- I should be taking notes about this little experiment. When I get home, I’ll type up a few quick notes about each lap I’ve done so far. As soon as I finish editing that other story.
- It’s warm enough today that when I get home, this light rain jacket is going to be wet on the outside with rain, and wet on the inside with sweat and condensation.
- I wonder if I should try to get a snowberry bush planted in the front yard today?
A kid a couple blocks away, who is also goofing around outside despite the weather, yells “way to go” as I jog by, and something else about being out in the rain. I guess he’s happy to see someone else out enjoying the weather, and I say “you too” back. I should have high-fived him, but running back to high-five him now would be awkward/creepy. I finish with a soaked jacket, and my watch reads 3.89 miles. I sit down for my last cup of coffee and spend 25 minutes writing notes about my first three laps. I finish editing my story, or at least I think I’m finished.
I start to think about the timing of making the empanadas—make dough, put dough in refrigerator for 10 minutes, bake in oven for 30 to 40 minutes—that could get tricky.
LAP 4: 10:30 a.m.
My right shoe comes untied after two blocks of running. I stop, double-knot it, and the other one. That’s why you don’t do that, I think. Double knots, still my vote for MVP of distance running gear inventions.
I sort of slalom my way through this lap, bouncing from one side of the street to the other, trying to increase the distance recorded by my GPS. It works, kind of, and I record a 1.34-mile lap. I decide I like the counter-clockwise laps better than the clockwise ones, as they seem to go by faster or something? More research is needed.
Drinking this much coffee (while putting nothing else in my stomach) is starting to reveal itself to be a bad idea, and I arrive home with a rather urgent need to use the restroom. Better drink some water and eat something before my next lap.
I measure and prep the ingredients for the empanadas. While I cut the vegetables, I eat a bowl of granola and almond milk yogurt, hoping it will stay in my stomach.
LAP 5: 11:30 a.m.
I head out going the opposite direction down our block to go a bit out of my way, hoping to add 0.1 mile or so to this lap. My socks are starting to get pretty wet, so I’m thinking about maybe changing them out after this lap or the next one—and then I step my right foot into a shallow puddle on the sidewalk, splashing water onto my left shoe and feeling the water soak through into the sock. The rain is still coming down, enough to warrant a rain jacket, but I’m soaked inside the jacket anyway.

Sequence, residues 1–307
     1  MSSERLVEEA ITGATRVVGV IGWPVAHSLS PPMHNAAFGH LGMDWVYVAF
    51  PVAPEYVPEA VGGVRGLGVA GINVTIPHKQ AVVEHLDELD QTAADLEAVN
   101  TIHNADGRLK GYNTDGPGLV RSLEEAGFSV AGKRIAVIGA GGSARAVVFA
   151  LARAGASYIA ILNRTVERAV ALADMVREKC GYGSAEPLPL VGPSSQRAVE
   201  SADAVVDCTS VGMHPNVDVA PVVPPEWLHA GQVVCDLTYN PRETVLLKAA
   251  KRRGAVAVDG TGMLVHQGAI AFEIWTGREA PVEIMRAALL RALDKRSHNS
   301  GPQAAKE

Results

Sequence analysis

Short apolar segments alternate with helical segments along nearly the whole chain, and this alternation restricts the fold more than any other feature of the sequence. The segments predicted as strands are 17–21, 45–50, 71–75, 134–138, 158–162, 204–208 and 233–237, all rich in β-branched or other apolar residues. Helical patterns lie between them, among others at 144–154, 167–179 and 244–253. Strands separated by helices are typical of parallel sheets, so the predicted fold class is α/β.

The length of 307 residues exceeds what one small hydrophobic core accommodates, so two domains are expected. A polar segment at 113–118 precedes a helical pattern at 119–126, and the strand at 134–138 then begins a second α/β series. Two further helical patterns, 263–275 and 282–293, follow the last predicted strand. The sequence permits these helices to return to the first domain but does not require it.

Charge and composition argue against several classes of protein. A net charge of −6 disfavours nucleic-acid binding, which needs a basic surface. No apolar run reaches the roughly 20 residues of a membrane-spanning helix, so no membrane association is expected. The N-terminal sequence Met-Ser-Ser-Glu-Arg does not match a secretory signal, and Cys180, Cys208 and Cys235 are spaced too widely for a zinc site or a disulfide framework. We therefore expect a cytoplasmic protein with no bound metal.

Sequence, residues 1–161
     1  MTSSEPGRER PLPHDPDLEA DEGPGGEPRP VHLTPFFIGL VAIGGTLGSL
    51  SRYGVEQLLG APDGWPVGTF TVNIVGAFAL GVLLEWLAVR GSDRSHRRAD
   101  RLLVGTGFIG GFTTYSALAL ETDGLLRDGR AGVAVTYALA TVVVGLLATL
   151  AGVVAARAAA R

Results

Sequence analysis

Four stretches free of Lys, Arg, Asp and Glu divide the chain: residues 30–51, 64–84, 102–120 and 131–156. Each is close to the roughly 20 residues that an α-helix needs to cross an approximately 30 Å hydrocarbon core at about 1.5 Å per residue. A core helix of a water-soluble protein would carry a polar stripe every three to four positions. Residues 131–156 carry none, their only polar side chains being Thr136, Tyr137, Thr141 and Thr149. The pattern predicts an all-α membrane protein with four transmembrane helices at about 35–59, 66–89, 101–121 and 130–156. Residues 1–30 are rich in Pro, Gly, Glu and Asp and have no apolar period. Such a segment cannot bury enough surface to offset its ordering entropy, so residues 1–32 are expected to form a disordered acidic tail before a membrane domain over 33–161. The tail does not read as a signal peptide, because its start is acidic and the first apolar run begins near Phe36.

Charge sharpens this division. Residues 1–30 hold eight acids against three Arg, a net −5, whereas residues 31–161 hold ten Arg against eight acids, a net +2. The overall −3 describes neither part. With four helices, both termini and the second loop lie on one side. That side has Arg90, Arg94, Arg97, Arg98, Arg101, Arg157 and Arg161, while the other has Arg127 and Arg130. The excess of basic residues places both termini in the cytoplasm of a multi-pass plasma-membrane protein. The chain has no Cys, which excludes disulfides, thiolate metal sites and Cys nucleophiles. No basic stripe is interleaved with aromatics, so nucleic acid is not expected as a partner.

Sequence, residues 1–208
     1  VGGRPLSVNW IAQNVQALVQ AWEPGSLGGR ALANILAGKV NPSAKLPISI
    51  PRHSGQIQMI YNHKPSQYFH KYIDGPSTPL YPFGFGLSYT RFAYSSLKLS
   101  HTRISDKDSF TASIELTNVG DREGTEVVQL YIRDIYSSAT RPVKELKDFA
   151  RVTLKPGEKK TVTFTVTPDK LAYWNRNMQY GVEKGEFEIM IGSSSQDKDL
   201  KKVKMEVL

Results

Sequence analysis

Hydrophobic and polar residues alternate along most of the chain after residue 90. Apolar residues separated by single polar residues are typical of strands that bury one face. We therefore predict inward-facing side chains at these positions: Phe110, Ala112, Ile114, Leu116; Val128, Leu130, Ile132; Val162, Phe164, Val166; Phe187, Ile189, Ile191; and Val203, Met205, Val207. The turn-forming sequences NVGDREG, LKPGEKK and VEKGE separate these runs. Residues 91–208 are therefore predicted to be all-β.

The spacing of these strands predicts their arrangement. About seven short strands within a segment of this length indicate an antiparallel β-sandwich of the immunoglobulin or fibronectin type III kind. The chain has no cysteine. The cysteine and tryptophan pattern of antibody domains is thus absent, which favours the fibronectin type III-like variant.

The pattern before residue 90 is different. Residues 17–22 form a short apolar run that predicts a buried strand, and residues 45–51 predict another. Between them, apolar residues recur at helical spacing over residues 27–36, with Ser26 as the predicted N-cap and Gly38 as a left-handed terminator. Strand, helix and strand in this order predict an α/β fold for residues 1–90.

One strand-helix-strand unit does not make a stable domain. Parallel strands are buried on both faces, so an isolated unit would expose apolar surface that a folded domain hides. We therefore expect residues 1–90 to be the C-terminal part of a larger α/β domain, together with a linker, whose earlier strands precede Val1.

I get home, realize I’ve forgotten to put the empanada dough in the refrigerator for 10 minutes, put it in, mix together the filling, and go out to start cutting wood for the deck repair, wondering how much sawdust I can get on my running clothes before it starts to have a negative effect on the running, i.e. chafing/itching. (does Carhartt make running shorts? I doubt it) I measure the shed window. I try to think through the deck repair, and it’s very complicated because of the position of the gas meter and a sort of jury-rigged downspout that someone decided to route under the deck. Not sure that one is going to get done today either.
I hurriedly roll out the empanada dough, and start stuffing the filling into it. I don’t know why I decided to make empanadas today? I cook, but almost never bake anything, and it’s been at least 15 years since I’ve done this. I’m using someone else’s dough recipe and assembling the filling from memory, and I’m pretty sure I’m missing something.
I get the empanadas filled and in the oven at 12:31, trying to hustle out the door, but I’m late starting my sixth lap, which is fine, because this is just a thing I made up and literally no one else cares or notices besides Hilary and Rowlf.
LAP 6: 12:33 p.m.
The rain has stopped, for the moment, so I head out without a rain jacket for the first time since Lap 2. I am officially halfway through the project, and after this lap I’ll only have a little more than 5 miles to go. So I think I’ll reward myself with some dry socks. The running feels fine—I’m just taking a leisurely pace with each lap, because what’s the rush? But now I’m not sure I’ll get to everything on the to-do list I made last night. The 48 minutes in between laps really flies by, somehow. And now I’m hungry, so I’ll have to eat again after this lap, taking up valuable time.
I had a bunch of empanada filling left over after I filled the empanadas, so I make an egg scramble with it, pulling the empanadas out of the oven just as I put the scramble into a bowl. They look OK, except some of the cheese has leaked out of probably 80 percent of them. Plus I forgot to brush egg wash over them before I put them in the oven. But I guess they don’t look that bad.
I shovel eggs into my mouth and attack my email inbox, taking it from 12 unread emails to 0 unread emails in about 16 minutes. (I love Gmail’s “schedule send” feature, which enables me to forward stuff to Future Me, to do tomorrow or Monday, while still getting the satisfaction of 0 unread emails).
LAP 7: 1:30 p.m.
Still no rain, and I head out on my seventh lap wearing sunglasses, perhaps a bit optimistically. I am coming to the realization that my to-do list was quite ambitious, and maybe I should start focusing on tasks that I can finish in 45 minutes, instead of huge tasks that will take a couple hours to complete (like cutting and installing 12 additional 2×4 studs in the shed, or tearing off the couple hundred square feet of old siding. I think my pace is slowing, but maybe I’m just getting tired and it feels slower.